U.S. District Judge Ginger Berrigan in New Orleans ruled in favor of Goodell’s motion to dismiss Vilma’s complaint, which was filed in May and set out 11 claims. Vilma had argued that Goodell made false statements, tarnishing the player’s reputation, in connection with the league’s investigation of what it determined was a system that offered cash bonuses to Saints players for big hits from 2009-11.
“Even though this matter has been pending only since May … it feels as protracted and painful as the Saints season itself, and calls for closure,” Berrigan wrote in her decision. “The Court nonetheless believes that had this matter been handled in a less heavy handed way, with greater fairness toward the players and the pressures they face, this litigation and the related cases would not have been necessary.”
Goodell initially suspended Vilma for all of the 2012 season _ although he wound up being able to play while appealing _ and three other players received shorter bans: Saints defensive end Will Smith and two former Saints, Cleveland linebacker Scott Fujita and free agent defensive lineman Anthony Hargrove. But Paul Tagliabue, Goodell’s predecessor as commissioner, heard a final round of player appeals and threw out the suspensions last month.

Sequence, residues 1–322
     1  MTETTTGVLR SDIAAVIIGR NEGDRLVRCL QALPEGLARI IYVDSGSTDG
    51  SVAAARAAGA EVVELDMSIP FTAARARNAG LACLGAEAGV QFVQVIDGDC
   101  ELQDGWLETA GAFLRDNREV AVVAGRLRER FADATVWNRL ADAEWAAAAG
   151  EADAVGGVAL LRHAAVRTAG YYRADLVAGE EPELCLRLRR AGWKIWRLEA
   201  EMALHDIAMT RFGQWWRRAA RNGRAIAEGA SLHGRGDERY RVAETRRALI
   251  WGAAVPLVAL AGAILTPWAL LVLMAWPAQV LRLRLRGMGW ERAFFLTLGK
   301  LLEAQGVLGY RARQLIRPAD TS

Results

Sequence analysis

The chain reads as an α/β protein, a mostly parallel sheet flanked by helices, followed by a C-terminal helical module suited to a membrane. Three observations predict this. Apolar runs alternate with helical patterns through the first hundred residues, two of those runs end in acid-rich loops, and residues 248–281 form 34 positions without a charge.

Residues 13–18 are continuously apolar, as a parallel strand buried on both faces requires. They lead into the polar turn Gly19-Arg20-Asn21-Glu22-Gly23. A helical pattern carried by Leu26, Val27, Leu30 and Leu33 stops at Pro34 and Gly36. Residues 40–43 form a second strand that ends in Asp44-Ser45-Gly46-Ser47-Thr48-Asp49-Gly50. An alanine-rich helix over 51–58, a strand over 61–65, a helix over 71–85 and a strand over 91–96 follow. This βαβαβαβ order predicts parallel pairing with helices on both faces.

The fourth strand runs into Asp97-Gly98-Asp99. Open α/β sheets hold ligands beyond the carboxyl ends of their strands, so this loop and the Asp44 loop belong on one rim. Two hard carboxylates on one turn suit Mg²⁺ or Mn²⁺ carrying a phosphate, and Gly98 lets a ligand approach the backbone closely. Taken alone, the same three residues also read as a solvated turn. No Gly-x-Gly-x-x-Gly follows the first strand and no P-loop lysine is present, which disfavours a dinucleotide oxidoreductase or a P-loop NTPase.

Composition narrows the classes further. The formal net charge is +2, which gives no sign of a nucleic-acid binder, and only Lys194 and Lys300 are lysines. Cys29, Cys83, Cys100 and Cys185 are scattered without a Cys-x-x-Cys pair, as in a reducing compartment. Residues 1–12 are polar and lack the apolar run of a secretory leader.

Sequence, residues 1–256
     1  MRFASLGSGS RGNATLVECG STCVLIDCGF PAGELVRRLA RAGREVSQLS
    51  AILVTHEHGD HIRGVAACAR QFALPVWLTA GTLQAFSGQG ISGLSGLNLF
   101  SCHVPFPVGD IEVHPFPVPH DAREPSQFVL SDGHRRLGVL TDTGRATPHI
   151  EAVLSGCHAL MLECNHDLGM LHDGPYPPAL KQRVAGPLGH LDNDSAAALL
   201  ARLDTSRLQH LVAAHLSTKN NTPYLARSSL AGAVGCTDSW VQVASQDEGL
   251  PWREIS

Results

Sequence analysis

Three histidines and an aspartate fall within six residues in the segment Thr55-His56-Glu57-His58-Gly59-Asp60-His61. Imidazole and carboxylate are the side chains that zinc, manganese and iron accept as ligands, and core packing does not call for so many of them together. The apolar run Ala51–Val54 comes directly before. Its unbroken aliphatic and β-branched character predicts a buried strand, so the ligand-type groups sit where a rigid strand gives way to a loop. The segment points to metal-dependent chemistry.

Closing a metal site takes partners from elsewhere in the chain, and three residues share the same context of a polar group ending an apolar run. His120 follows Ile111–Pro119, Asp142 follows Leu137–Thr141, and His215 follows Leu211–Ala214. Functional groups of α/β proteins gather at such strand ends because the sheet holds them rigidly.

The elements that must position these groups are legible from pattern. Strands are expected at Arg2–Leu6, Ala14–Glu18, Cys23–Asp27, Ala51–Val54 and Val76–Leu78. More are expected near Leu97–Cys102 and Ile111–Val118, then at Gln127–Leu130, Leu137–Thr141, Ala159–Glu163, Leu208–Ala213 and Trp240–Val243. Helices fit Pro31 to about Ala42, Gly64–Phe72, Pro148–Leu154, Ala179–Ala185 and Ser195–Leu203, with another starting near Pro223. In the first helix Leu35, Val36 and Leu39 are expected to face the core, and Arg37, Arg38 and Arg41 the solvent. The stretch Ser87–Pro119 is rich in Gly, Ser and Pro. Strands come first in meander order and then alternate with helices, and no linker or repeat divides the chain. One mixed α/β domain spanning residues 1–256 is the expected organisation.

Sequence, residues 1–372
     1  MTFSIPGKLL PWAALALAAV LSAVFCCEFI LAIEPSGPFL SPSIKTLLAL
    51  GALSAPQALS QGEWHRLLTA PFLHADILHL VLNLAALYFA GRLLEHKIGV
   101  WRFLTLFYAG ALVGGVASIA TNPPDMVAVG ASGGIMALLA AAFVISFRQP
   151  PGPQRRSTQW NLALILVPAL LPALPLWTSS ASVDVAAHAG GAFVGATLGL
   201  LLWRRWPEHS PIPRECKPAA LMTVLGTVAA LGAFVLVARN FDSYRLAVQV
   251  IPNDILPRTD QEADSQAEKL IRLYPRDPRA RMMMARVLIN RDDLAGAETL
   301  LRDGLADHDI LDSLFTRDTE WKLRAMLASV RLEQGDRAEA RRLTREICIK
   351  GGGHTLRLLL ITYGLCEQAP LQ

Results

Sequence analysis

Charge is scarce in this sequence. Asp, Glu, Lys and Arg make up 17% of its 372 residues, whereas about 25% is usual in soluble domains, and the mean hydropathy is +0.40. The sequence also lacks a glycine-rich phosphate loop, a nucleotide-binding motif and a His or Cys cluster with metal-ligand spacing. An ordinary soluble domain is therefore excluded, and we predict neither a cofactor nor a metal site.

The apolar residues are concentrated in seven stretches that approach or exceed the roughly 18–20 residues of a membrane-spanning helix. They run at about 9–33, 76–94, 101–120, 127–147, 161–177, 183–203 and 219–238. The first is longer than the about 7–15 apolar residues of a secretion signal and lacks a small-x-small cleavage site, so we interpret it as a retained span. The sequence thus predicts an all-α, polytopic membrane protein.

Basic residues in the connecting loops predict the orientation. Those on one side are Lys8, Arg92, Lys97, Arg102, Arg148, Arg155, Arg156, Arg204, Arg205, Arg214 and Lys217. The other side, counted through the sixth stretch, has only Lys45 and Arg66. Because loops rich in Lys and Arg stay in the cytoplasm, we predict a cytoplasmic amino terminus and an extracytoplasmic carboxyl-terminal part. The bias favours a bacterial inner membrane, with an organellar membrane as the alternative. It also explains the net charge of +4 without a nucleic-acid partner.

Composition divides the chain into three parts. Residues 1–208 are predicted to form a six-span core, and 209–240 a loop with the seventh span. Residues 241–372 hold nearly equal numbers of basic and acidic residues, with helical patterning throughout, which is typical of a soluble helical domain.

Peter Ginsberg, a lawyer for Vilma, wrote in an email: “We are obviously disappointed, strongly believe that the CBA does not give anyone _ including a commissioner _ a license to misrepresent and to manufacture facts, especially at the expense of another person’s reputation _ and are considering our options.”
Berrigan wrote that “Vilma maintains that Goodell is responsible for the allegedly offending statements in his individual capacity.” The judge rejected that as “unpersuasive,” saying: “The Court finds that all of the allegedly offensive statements were made by Goodell as Commissioner of the NFL in conjunction with the investigation resulting in the now well-known discipline against Vilma and others associated with the Saints.”
“While the Court is extremely disturbed by the fundamental lack of due process in Goodell’s denying the players the identities of and the right to confront their accusers, that was substantially rectified later in the process,” Berrigan wrote. “So while the process was initially procedurally flawed, the statements were ultimately found to have enough support to defeat the defamation claims.”
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